Why Grassland Birds are Poor Indicators of Prairie Quality

Henslow's sparrows are a bird of conservation concern and their presence in a prairie can be seen as a conservation success. However, although they tend to require fairly large prairies, and can indicate the presence of certain vegetation structure types, they don't indicate whether or not a prairie has a diverse plant or insect community. Chris Helzer photo

Henslow’s sparrows are a bird of conservation concern and their presence in a prairie can be seen as a conservation success. However, although they tend to require fairly large prairies, and can indicate the presence of certain vegetation structure types, they don’t indicate whether or not a prairie has a diverse plant or insect community. Chris Helzer photo

Let me start by saying that I’m a big fan of birds. 

I really enjoyed working on my graduate research, which focused on grassland birds and their vulnerability to prairie fragmentation.

I also think birds are generally pretty and interesting.

However, the truth is that prairie birds make up only a tiny percentage of the species in prairies (most of which are invertebrates, followed by plants).

Still, grassland birds are often held up as indicators of whether or not a prairie – or a prairie landscape – is “healthy” or “high quality.”

A common refrain in prairie conservation goes something like this; “If we have our full complement of grassland birds in this prairie and/or landscape, it’s a good bet that all the other species are also doing well.”

Unfortunately, while prairie birds are relatively easy to study and monitor, they may not do a good job of reflecting how the rest of the prairie is doing.  Let’s look at some of the most important attributes of prairies and some of their major threats – and consider how well birds correlate with them.

Grassland birds make up a tiny percentage of the species living in a prairie - the vast majority of which are invertebrates and plants.

Grassland birds make up a tiny percentage of the species living in a prairie – the vast majority of which are invertebrates and plants.

Species Needs - Survival, Reproduction, and Dispersal

First and foremost, species have to survive and reproduce in order to persist in a prairie.  This applies to every species, from large vertebrates to tiny invertebrates and the entire suite of plants.

It’s important for us to know that grassland birds are surviving and reproducing, but can they tell us whether other species are doing the same?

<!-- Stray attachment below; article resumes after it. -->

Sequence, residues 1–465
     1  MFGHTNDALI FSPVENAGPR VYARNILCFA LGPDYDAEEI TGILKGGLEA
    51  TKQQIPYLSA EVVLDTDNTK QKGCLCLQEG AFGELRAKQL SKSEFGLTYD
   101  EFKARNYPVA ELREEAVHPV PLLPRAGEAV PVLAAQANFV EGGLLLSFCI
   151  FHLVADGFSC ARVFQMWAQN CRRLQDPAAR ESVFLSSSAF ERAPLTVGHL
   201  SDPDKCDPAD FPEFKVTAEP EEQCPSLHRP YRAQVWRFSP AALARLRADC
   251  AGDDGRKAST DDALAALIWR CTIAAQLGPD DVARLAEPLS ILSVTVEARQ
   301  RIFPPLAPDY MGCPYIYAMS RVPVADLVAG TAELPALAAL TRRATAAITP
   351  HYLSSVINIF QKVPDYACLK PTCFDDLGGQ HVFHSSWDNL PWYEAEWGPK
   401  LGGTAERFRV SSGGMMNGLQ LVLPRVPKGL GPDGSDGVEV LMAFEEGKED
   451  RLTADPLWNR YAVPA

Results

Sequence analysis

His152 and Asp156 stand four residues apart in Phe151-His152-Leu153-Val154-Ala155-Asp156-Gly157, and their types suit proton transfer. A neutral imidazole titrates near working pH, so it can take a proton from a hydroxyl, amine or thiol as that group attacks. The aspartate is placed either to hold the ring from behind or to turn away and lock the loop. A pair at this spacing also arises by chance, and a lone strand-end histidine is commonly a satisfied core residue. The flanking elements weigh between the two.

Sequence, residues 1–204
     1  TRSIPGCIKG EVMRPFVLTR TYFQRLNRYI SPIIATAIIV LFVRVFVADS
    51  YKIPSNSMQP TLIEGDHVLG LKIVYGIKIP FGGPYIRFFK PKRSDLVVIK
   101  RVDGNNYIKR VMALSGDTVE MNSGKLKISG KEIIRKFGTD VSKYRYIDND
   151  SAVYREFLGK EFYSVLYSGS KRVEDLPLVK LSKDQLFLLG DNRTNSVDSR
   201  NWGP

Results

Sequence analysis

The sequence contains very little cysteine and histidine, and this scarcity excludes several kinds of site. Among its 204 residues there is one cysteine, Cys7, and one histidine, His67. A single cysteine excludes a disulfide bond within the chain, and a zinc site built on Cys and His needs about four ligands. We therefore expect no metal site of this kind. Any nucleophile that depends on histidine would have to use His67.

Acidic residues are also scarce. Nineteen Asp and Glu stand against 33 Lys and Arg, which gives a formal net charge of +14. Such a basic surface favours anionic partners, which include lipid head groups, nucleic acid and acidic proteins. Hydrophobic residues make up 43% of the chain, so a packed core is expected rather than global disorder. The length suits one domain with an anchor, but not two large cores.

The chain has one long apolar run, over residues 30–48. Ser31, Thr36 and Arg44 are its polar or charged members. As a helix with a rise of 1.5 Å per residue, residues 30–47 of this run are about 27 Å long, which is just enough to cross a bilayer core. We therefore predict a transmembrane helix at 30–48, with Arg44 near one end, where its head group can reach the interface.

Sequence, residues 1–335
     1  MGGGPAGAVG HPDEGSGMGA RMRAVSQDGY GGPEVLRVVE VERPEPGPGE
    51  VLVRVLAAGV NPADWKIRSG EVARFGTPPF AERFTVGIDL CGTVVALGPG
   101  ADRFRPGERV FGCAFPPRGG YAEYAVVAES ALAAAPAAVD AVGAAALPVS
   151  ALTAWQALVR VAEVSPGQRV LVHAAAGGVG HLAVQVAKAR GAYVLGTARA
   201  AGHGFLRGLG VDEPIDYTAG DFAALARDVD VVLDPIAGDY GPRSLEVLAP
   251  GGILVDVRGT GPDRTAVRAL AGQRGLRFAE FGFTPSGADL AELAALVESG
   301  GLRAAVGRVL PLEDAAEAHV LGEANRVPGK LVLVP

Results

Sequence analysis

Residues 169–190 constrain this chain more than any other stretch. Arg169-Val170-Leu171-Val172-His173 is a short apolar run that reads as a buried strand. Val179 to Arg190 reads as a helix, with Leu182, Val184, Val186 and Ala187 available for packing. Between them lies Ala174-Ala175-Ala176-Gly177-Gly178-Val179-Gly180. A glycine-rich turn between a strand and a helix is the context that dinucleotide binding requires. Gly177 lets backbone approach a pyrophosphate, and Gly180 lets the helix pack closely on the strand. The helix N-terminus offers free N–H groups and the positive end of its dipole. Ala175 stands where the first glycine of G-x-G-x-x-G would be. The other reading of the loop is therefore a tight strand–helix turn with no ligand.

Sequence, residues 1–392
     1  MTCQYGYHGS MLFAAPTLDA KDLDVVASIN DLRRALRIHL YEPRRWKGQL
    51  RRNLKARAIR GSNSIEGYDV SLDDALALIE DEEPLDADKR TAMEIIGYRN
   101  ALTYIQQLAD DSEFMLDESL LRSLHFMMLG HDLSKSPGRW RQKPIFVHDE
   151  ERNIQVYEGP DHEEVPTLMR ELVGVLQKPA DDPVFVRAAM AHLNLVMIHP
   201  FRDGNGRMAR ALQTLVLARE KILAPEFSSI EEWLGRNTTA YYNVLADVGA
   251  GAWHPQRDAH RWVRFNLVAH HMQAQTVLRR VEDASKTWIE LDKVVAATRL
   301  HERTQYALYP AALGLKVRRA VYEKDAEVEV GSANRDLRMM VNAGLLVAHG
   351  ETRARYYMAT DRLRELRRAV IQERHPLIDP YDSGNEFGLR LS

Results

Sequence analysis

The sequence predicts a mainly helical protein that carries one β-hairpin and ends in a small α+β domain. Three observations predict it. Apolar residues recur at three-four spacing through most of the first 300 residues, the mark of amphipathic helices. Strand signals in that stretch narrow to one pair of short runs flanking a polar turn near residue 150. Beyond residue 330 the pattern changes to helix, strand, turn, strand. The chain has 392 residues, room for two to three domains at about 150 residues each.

You could argue that because they eat insects, grassland birds could have an impact on the survival of some insect species.  That’s true to a point, but grassland birds are generalist feeders – they tend to eat whatever insects are easiest to catch at any particular time – so while the abundance of grassland birds might impact the overall abundance of insects, you can’t really tie the presence of a particular grassland bird species to the survival of a particular insect species (or vice versa).

In other words, the plight of a rare leaf hopper or butterfly species is unlikely to be correlated with grassland birds.  Nor are grassland birds good predictors of plant species survival – the presence of meadowlarks or Henslow’s sparrows tell us nothing about whether or not compass plant or leadplant is thriving.  Grassland birds require certain habitat structure types (short vegetation, tall/dense vegetation, etc.) but they don’t much care whether that vegetation consists of smooth brome and sweet clover or a large diversity of native plants.

In addition to basic survival, animal and plant species need to be able to move around the landscape in order to recolonize places where they have disappeared, and to maintain genetic interaction between populations (important for genetic diversity).

In landscapes where prairies exist as isolated remnants, moving between prairies becomes very difficult.  Corridors of prairie vegetation between prairies become important in those landscapes, and prairies near each other provide better opportunities for interaction within species than do more isolated prairies.

Because most grassland birds fly south at the end of each season and return the next year, (and the ones that don’t can still fly long distances between prairies) they don’t rely on those physical connections between prairies like most other animals and plants do.

Since grassland birds are pretty unique in terms of long-distance flying ability, they are a poor indicator of conditions that affect less mobile species.